This study investigated the effects of acute psychosocial stress on trapezius single motor unit discharge behaviors. Twenty-one healthy women performed feedback-controlled isometric contractions under conditions of low and high psychosocial stress in the same experimental session. Psychosocial stress was manipulated using a verbal math task combined with social evaluative threat which significantly increased perceived anxiety, heart rate, and blood pressure (P<0.001). Motor unit discharge behaviors including the threshold and discharge rate at recruitment (7.7 (5.7) %MVC and 7.3 (6.8) pps, P>0.121, N=103) and derecruitment (6.0(4.4) %MVC and 6.5(4.1) pps, P>0.223, N=99), the mean (11.3 (2.3) pps, P=0.309, N=106) and variability (2.5 (0.91) pps, P=0.958, N=106) of discharge rate, and the proportion of motor units exhibiting double discharges (21%, P=0.446) did not change across stress conditions. Discharge rate modulation with changes in contraction intensity was highly variable and similar across stress conditions (P>0.308, N=89). Rate-rate modulation of concurrently active motor units was also highly variable (r=−0.84–1.00, N=75). Estimates of ΔF for motor unit pairs with rate-rate modulation ≥0.7 were positive and similar across stress conditions (4.7(2.0) pps, P=0.405, N=16). Results indicate that acute psychosocial stress does not alter trapezius motor unit discharge behaviors during a precisely controlled motor task in healthy women.
Motoneuron; Anxiety; Discharge rate modulation; Intrinsic activation; EMG; Muscle activation
In 9 patients with essential tremor (14 thalami), we varied frequency, voltage, and pulsewidth of thalamic deep brain stimulation (DBS), and quantified postural tremor. Low frequency stimulation aggravated tremor; the effect increased with increasing voltage. High frequency stimulation had a U-shaped relation to voltage, with minimum tremor at an optimal voltage characteristic of the individual thalamus and increases in voltage beyond the optimum reduced tremor suppression.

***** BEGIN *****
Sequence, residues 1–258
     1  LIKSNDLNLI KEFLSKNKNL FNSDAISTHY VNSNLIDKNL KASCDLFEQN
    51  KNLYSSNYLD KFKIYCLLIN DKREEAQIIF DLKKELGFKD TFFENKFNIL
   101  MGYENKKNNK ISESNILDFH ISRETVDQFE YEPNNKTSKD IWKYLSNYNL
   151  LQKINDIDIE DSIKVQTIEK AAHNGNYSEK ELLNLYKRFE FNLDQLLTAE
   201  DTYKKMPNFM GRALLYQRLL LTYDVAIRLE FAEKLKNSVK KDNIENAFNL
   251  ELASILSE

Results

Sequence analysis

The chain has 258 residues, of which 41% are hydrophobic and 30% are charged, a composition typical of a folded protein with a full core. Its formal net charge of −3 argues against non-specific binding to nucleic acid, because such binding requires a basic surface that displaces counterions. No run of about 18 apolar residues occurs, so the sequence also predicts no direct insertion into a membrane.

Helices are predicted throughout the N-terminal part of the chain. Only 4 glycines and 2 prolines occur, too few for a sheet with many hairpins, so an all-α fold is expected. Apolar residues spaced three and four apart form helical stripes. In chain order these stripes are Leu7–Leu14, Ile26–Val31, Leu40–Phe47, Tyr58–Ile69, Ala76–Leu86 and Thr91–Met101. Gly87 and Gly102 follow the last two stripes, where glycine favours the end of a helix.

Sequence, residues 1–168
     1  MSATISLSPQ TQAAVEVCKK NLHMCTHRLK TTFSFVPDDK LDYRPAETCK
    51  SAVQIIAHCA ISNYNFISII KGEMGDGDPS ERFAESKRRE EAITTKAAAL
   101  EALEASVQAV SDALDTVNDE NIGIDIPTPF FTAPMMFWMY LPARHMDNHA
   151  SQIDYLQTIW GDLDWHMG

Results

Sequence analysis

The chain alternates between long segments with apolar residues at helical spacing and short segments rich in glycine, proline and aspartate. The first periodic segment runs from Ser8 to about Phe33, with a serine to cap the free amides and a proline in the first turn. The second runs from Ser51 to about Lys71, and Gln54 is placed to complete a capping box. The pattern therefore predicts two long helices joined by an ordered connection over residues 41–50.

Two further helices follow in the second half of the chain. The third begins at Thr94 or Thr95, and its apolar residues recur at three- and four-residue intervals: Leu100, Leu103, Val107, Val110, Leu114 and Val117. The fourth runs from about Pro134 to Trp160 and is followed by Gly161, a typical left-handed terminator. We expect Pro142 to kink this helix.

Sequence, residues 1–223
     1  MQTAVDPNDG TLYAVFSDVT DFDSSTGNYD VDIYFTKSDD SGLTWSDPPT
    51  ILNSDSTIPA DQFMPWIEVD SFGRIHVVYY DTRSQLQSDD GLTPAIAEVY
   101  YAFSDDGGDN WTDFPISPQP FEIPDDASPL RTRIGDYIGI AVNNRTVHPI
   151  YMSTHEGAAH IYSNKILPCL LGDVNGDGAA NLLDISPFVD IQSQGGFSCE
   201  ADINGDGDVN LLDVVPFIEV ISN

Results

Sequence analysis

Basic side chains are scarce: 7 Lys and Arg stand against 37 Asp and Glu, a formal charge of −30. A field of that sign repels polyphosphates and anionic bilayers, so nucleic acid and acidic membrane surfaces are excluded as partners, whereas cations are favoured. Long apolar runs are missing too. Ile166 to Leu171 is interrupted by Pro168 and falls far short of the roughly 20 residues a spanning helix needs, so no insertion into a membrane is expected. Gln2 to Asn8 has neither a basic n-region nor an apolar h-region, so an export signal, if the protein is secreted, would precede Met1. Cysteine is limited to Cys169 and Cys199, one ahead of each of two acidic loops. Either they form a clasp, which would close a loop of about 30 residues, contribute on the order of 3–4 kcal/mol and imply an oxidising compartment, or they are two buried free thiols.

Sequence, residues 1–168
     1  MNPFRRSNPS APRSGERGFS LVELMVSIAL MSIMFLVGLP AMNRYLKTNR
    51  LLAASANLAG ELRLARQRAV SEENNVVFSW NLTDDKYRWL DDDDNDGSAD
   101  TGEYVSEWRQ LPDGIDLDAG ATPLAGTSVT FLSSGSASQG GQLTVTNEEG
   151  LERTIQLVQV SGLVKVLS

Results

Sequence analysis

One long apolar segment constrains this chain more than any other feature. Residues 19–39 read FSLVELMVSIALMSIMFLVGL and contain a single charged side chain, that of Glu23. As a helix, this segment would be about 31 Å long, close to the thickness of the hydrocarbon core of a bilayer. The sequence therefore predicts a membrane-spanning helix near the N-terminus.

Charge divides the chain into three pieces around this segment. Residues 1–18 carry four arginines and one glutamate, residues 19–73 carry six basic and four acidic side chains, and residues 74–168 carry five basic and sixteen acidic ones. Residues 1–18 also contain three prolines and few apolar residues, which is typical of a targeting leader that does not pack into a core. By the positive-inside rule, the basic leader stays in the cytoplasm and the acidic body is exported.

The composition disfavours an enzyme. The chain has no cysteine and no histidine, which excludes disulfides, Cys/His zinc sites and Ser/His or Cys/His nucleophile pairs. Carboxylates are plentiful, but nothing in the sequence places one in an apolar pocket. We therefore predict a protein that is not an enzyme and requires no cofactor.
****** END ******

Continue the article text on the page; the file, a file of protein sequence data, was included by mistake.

Based on the hypothesis that tremor response to DBS resulted from two competing processes, we successfully modeled the relationship of tremor to voltage and frequency of stimulation using a mathematical model. The optimum voltage predicted by the model agreed with the empirically measured value. Moreover, the model made accurate predictions at high stimulation frequency based on measurements made at low stimulation frequency.
Our results indicate there is an optimal voltage for tremor suppression by thalamic DBS in most patients with ET. The optimum varies across patients, and this is related to electrode position. A mathematical model based on ‘competing processes’ successfully predicts optimum voltage in individual patients. This supports a competing processes model of DBS effects.
deep brain stimulation; movement disorders; essential tremor; surgery; thalamus; thalamic stimulation
The authors report the use of dense two-dimensional microelectrode array recordings to characterize fine resolution electrocortical activity (“μEEG”) in epileptogenic human cortex. A 16-mm2 96 microelectrode array with 400-μm interelectrode spacing was implanted in five patients undergoing invasive EEG monitoring for medically refractory epilepsy. High spatial resolution data from the array were analyzed in conjunction with simultaneously acquired data from standard intracranial electrode grids and strips. μEEG recorded from within the epileptogenic zone demonstrates discharges resembling both interictal epileptiform activity (“microdischarges”) and electrographic seizures (“microseizures”) but confined to cortical regions as small as 200 μm2. In two patients, this activity appeared to be involved in the initiation or propagation of electrographic seizures. The authors hypothesize that microdischarges and microseizures are generated by small cortical domains that form the substrate of epileptogenic cortex and play important roles in seizure initiation and propagation.
Multichannel extracellular recording; Epilepsy; Intracranial EEG; Epileptiform EEG discharges
The regularity of EEG signals was compared between middle-aged (47.2 ± 2.0 yrs) and elderly (78.4 ± 3.8 yrs) female subjects in Wake (W), NREM stages 2 and 3 (S2, S3), and REM. Signals from C3A2 leads of healthy normal subjects, acquired from polysomnograms obtained from the Sleep Heart Health Study, were analyzed using both Sample Entropy (SaEn) and power spectral analysis (delta, theta, alpha, and beta frequency band powers). SaEn changed systematically and significantly (p<0.001) with sleep state in both age groups, following the relationships W > REM > S2 > S3. SaEn was found to be negatively correlated with delta power and positively correlated with beta power. Small changes in SaEn appear to reflect changes in spectral content rather than changes in regularity of the signal. A better predictor of SaEn than the frequency band powers was the logarithm of the power ratio (alpha+beta)/(delta+theta). Thus, SaEn appears to reflect the balance between sleep-promoting and alertness-promoting mechanisms. SaEn of the elderly was larger than that of middle-aged subjects in S2 (p=0.029) and REM (p=0.001), suggesting that cortical state is shifted towards alertness in elderly subjects in these sleep states compared to middle-aged.